Trademark And Brand Naming Q & A

Steve RivkinFebruary 10, 20103 min

Choosing a new trademark is a thorny task for many companies. So we asked Tara Benson, Esq., a seasoned intellectual property attorney, for her thoughts on how to avoid the most common pitfalls.

Benson is a senior member of the trademark practice group at Giordano, Halleran & Ciesla, P.C. During her career, she has handled trademark work for such clients as Tazo Teas and; and also served as in-house counsel for Library Video Company/Schlessinger Media, the leading distributor and producer of educational media.

Q: Tara, it often seems that tension between marketing and legal departments is the start of trademark troubles. Do you agree?

Absolutely. In my experience, marketing departments often gravitate towards a mark which describes the product or service. Descriptive marks ensure that the customer can easily identify the product. Unfortunately, descriptive marks will not likely win the right to be registered and probably don’t do much to distinguish your product in the marketplace.

Q: So does that mean you should avoid descriptive marks at every turn?

In short, yes, it is best to avoid them whenever possible. The strongest marks (and those that are able to achieve trademark protection) are fanciful, arbitrary or suggestive marks. A fanciful mark is a word, which has no meaning aside from its use as a trademark, such as Kodak or Exxon, while arbitrary marks are existing words with meanings that are generally unrelated to the product with which they are used, such as Apple for computers. Finally, suggestive marks are those which suggest the identity of a product, but do not merely describe the product (e.g. Coppertone for suntan lotion). It is important that a marketing department be aware of these necessary qualities while brainstorming names for new products or services.

Q: Do clients become emotionally attached to names they are considering?

Yes, often companies will create an internal development name for a product or service. Sometimes people will become so attached to this development name that they are not willing to part with it once the product or service is ready to be launched. Falling in love with an internal development name prior to completing a full trademark search and legal review is one of the most common problems which companies encounter. I always stress the importance of completing a trademark review on a mark before company employees become too attached to a name.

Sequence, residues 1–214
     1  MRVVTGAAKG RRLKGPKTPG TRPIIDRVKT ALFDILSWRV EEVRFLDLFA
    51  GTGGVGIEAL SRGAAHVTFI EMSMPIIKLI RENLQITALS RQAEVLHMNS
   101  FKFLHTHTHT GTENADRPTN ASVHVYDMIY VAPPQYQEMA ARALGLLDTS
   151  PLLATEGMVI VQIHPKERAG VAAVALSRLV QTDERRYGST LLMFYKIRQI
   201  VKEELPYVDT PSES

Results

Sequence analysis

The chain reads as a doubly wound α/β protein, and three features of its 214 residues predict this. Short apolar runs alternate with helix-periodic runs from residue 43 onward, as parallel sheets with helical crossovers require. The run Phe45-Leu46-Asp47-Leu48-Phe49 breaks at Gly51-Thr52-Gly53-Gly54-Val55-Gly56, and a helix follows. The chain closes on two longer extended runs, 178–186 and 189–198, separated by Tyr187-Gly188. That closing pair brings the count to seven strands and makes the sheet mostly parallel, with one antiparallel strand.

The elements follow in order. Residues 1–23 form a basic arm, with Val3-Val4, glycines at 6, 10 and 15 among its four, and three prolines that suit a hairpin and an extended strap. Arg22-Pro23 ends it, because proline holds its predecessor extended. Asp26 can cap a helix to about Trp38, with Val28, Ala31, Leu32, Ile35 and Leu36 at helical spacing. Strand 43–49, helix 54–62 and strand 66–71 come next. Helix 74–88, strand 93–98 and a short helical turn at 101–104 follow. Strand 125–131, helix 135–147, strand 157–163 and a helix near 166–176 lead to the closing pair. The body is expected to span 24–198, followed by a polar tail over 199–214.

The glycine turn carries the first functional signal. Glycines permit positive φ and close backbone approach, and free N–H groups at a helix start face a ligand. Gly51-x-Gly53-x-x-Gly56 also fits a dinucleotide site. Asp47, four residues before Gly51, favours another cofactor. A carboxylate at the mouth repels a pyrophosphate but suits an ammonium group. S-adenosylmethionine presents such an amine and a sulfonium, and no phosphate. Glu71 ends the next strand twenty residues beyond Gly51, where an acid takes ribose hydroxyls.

Q: What other pitfalls do you see?

One is the selection of a name that is simply too confusingly similar to that of a competitor. Selecting a name that is too similar to a competitor not only impairs a company’s ability to federally register that name, but also may result in a trademark infringement lawsuit against the company. Companies should always strive to select names that are easily distinguishable from those of their competitors.

Q: Our surveys show that 20% of large companies use employee naming contests as one way to generate new names. Good idea, or bad idea?

There are a few famous names that have been the result of an employee naming contest. But this is not the norm. While organizing an employee naming contest for a company’s newest product may be a fantastic morale booster, it rarely generates protectable marks. Employees may not understand the legal issues that exist such as avoiding trademark infringement, generic or merely descriptive marks and foreign equivalence issues. Foreign equivalence issues include avoiding marks which may be offensive in another language or those marks which may otherwise be culturally insensitive. Instead of hosting a naming contest, companies should consider hiring a naming company, using naming software or relying on the input of its internal marketing professionals.

Q: What about the use of consultants to generate new names?

Third party naming companies can be a tremendously useful tool if utilized properly. If a company opts to engage a third party naming company for its new product, I recommend that the naming company work closely with an employee who has a strong working knowledge of the product, as well as with the company’s legal team. This will help ensure that the proposed mark not only enhances the marketing strategy, but also is legally protectable.

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Steve Rivkin

One comment

  • Kylie Chong

    February 14, 2010 at 2:49 am

    Great advice, although it’s also important to recognise that ‘fanciful, arbitary or suggestive’ marks also require more support and explanation when it comes to brand launch and on-going communications. Being distinctive is highly desirable, but not so that you need to constantly provide a rationale for what the name means and how it links to your category or product. It’s ok for a brand like Apple or Virgin who have built massive equity over time and the lack of meaning no longer matters. But this approach is often not viable for product brands, smaller companies or industrial brands who either don’t have massive amounts of money to spend on communications or where the market expectation is to have a fairly descriptive name.

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